Billy Manes pays attention to city government so you don't have to
Published: September 12, 2012
Item: The city approves the authorization for the director of purchasing to negotiate and execute a contract with Shingle Creek Real Estate Advisory Co. LLC for Citrus Bowl renovation project advisor services.
Translation: Did you know that the forthcoming Citrus Bowl renovations require additional oversight, too? We didn't either, nor did any other agencies that might have wanted to bid on this opportunity, we imagine. But when you're Orlando Mayor Buddy Dyer's childhood friend, Jay Berlinsky – a former Dyer advisor, CNL Realty & Development Corp. honcho and current Shingle Creek developer who also provided "oversight" for the gloriously rusted-out Amway Center – "required" is a fuzzy word. Berlinsky and Co. will be paid a handsome sum of $14,500 a month for 36 months to peer over the shoulders of all of the people actually doing the work, because, well, they've done it before and we have to spend that money somewhere. Besides, that's only $522,000 of the $189 million being tossed into the city's largest monster-truck urine-trough, and what's half-a-million dollars between friends? Answer: bad government.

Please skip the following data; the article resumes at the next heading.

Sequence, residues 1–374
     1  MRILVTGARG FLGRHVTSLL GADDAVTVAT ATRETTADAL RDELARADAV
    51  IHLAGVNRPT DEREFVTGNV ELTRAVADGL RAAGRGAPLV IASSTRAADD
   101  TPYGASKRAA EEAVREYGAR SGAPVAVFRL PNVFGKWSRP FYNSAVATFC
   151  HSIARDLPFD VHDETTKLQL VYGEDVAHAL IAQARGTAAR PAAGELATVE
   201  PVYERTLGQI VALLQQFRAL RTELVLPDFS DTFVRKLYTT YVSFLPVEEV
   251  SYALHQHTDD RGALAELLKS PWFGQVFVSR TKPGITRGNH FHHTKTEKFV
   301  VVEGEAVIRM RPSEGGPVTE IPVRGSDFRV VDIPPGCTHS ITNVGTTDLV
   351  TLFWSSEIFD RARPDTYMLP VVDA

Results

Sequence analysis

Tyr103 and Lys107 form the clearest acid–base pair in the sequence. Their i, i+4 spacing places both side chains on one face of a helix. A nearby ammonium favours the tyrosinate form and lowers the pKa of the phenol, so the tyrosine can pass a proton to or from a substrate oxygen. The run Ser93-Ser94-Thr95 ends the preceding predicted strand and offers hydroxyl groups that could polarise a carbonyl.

Item: The city approves an award to Parramore Foundry & Machine Works Inc. of Orlando for manhole covers, rings and parts.
Translation: Since we're on the subject of getting fucked, here's an idea we can (and always do, at least in this column) really get behind: manholes! See, there are all kinds of manholes. You've got your bleached manholes, your hairy manholes, those tangy manholes, and your stretchy and your tight manholes. If you're a man, odds are you already have a manhole of your own, though you're likely to keep it covered. To that end (ha!), the city – which is surprisingly gender-free – occasionally (or annually) requires not only covers, but the rings and other parts (ew) to keep it's manholes in traversable shape lest somebody accidentally take a tumble down into one of its many tunnels to its underground world of offal. Parramore Foundry & Machine Works ("serving" Central Florida since 1932, according to its website) came in with the winning bid, and will walk away with $157,401 for a year's worth of industrial-strength prudence and discretion. At least some of the city's gaping holes will be covered, then.
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